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Institutional investors have become increasingly open to non-traditional, high yield investment opportunities as they grapple with low yield environments.
We have seen an increase in their appetite for blended finance transactions with examples such as Allianz SE, the world’s largest insurance company, placing $115 million in the Emerging Africa Infrastructure Fund (EAIF) in 2018. EAIF is a blended finance fund that lends to infrastructure projects across Africa, with significant exposure in the least developed countries. The fund has lent $1.2 billion to 64 projects, while attracting co-investment of $10 billion since its inception in 2005.
As institutional investors start showing up in more blended finance transactions, it is important to remember that they are a heterogeneous group with varying mandates operating within diverse regulatory constraints. Similar investors in different regions will also behave differently. Below, we take a closer look at insurance companies and pension funds, including their constraints and their appetite for and activity in blended finance. You can also access a more in-depth analysis of institutional investor segments and blended finance in our Who is the private sector? report.
How insurance companies are beginning to embrace blended finance
Insurance companies value income over capital appreciation and will therefore be drawn to the premiums offered by alternative assets. In delivering on their long-term obligation to policyholders, they are guided by the duration of their liabilities, the risk-return profile of investment options, and their regulatory limitations.
Convergence’s data on historical deals shows that insurance company AXA has participated in nine blended finance deals, with an average transaction size of $303 million. Two-thirds of these investments have been in funds (both debt and equity funds) – with two direct investments in companies and then one investment in a facility. These transactions have been primarily focused on the financial services sector.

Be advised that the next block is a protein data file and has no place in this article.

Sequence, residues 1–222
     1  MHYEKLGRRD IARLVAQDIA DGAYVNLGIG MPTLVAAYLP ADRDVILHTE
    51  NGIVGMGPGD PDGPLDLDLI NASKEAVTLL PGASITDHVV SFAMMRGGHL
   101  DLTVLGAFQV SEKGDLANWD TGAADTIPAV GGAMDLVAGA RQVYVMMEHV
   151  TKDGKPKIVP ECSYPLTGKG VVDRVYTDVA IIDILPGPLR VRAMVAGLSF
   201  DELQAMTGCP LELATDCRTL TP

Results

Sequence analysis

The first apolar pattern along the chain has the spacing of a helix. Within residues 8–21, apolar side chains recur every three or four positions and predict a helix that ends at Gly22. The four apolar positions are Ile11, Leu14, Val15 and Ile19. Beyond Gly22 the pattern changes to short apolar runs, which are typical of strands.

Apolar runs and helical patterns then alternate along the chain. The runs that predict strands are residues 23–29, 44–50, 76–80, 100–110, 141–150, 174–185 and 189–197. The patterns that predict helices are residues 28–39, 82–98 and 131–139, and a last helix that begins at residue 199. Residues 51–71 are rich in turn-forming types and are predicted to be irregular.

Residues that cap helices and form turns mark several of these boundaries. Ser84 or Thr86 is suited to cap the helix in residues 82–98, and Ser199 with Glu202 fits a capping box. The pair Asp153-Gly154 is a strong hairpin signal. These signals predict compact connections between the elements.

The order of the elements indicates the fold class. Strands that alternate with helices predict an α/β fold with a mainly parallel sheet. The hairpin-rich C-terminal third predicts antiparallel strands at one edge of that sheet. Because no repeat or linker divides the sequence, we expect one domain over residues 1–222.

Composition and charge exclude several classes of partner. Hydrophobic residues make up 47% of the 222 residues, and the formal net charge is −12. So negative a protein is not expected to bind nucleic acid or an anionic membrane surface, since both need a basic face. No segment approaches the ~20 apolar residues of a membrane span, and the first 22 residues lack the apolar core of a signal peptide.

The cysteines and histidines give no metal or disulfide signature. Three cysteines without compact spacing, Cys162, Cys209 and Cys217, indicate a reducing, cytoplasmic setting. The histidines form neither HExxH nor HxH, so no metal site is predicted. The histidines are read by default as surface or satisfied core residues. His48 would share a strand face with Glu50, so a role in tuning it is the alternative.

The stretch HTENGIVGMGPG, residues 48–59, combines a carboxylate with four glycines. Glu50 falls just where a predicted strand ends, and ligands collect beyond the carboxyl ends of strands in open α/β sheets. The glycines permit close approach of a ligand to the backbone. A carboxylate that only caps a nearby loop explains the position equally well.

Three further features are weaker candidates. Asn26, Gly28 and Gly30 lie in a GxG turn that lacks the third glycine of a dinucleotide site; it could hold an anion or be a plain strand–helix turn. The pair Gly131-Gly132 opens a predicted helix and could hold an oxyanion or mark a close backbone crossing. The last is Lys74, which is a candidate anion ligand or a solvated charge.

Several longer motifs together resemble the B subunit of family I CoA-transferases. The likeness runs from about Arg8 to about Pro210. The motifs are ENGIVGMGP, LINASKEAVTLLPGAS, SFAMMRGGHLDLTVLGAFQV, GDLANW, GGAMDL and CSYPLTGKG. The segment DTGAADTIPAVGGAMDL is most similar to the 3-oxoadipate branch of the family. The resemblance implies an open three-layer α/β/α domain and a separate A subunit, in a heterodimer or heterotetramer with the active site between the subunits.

The higher exposure to funds points to a global trend observed by Convergence that 44% of all closed blended finance deals over the last two decades are funds. Investing in funds is an effective strategy for spreading risk and diversifying portfolios. It’s also a lower risk entry point for investors.
Blended finance has the potential to open doors for pension funds
For pension funds whose fiduciary responsibility requires capital preservation to lead their investment strategies, we see a different ethos that hinges on regulators’ requirement for the application of prudence and diligence. Pension funds therefore face stringent restrictions on riskier asset classes in the form of percentage allocations and instruments. However, consistent income is preferred, and we see this in their portfolios.
In Kenya, where the Retirements Benefits Authority (RBA) provides statutory limits for allocations to various asset classes, less than 20% of total assets under management are allocated to alternatives, falling well below the statutory ceiling. One of the biggest reasons cited is the inadequate understanding of alternatives and their risk profiles; belying the conservative nature of local pension fund managers. Strengthening the capacity of the investment teams and their trustees could unlock their potential for a more diversified portfolio of long-term yield generating assets, income growth, and capital appreciation.